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Is there any easy way to have a system-wide mutex in Python on Linux? By "system-wide", I mean the mutex will be used by a group of Python processes; this is in contrast to a traditional mutex, which is used by a group of threads within the same process.

EDIT: I'm not sure Python's multiprocessing package is what I need. For example, I can execute the following in two different interpreters:

from multiprocessing import Lock
L = Lock()
L.acquire()

When I execute these commands simultaneously in two separate interpreters, I want one of them to hang. Instead, neither hangs; it appears they aren't acquiring the same mutex.

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6 Answers 6

50

The "traditional" Unix answer is to use file locks. You can use lockf(3) to lock sections of a file so that other processes can't edit it; a very common abuse is to use this as a mutex between processes. The python equivalent is fcntl.lockf.

Traditionally you write the PID of the locking process into the lock file, so that deadlocks due to processes dying while holding the lock are identifiable and fixable.

This gets you what you want, since your lock is in a global namespace (the filesystem) and accessible to all processes. This approach also has the perk that non-Python programs can participate in your locking. The downside is that you need a place for this lock file to live; also, some filesystems don't actually lock correctly, so there's a risk that it will silently fail to achieve exclusion. You win some, you lose some.

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  • 2
    Logical place for the lock file is /var/lock - however if there are going to be a vast number of locking operations, I suggest /tmp as not all systems have /var/lock in tmpfs ramdisk.
    – Kimvais
    Commented Feb 27, 2012 at 12:27
  • Not all systems have /tmp in tmpfs ramdisk either; my install of OS X does not seem to. Good points all the same, though.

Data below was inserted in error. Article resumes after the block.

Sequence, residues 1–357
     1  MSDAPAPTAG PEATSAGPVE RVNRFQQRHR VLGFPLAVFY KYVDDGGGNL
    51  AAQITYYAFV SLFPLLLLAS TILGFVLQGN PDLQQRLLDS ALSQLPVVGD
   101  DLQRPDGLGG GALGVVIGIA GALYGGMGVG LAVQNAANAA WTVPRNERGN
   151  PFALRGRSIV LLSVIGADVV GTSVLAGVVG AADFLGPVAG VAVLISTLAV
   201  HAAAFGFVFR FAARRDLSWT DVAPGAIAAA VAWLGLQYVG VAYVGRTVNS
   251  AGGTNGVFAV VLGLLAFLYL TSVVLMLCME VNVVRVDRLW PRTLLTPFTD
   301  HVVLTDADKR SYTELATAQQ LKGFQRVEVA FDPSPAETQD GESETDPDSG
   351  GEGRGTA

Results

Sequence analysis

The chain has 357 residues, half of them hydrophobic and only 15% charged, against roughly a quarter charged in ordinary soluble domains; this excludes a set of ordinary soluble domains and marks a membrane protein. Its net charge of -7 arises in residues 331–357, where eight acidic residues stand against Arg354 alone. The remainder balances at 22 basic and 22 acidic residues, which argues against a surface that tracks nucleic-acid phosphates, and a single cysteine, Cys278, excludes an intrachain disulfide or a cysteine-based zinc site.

– zmccord
    Commented Feb 27, 2012 at 13:03
  • he was asking about linux and most (if not all) of the major modern linux distros have /tmp in /tmpfs - none have /var/lock by default IIRC.
    – Kimvais
    Commented Feb 27, 2012 at 13:16
  • My Debian Squeeze install doesn't have a tmpfs /tmp either. It's actually got tmpfs on /dev/shm, which feature I've also seen on Fedora. It probably doesn't much matter in the end, as long as the location is documented.
    – zmccord
    Commented Mar 1, 2012 at 15:11
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    Which filesystems don't lock correctly? Or, where can I find info on which filesystems don't lock correctly?
    – cowlinator
    Commented Jan 11, 2018 at 20:02
27

My answer overlaps with the other answers, but just to add something people can copy-paste, I often do something like this.

class Locker:
    def __enter__ (self):
        self.fp = open("./lockfile.lck")
        fcntl.flock(self.fp.fileno(), fcntl.LOCK_EX)

    def __exit__ (self, _type, value, tb):
        fcntl.flock(self.fp.fileno(), fcntl.LOCK_UN)
        self.fp.close()

And then use it as:

print("waiting for lock")
with Locker():
    print("obtained lock")
    time.sleep(5.0)

To test, do touch lockfile.lck then run the above code in two or more different terminals (from the same directory).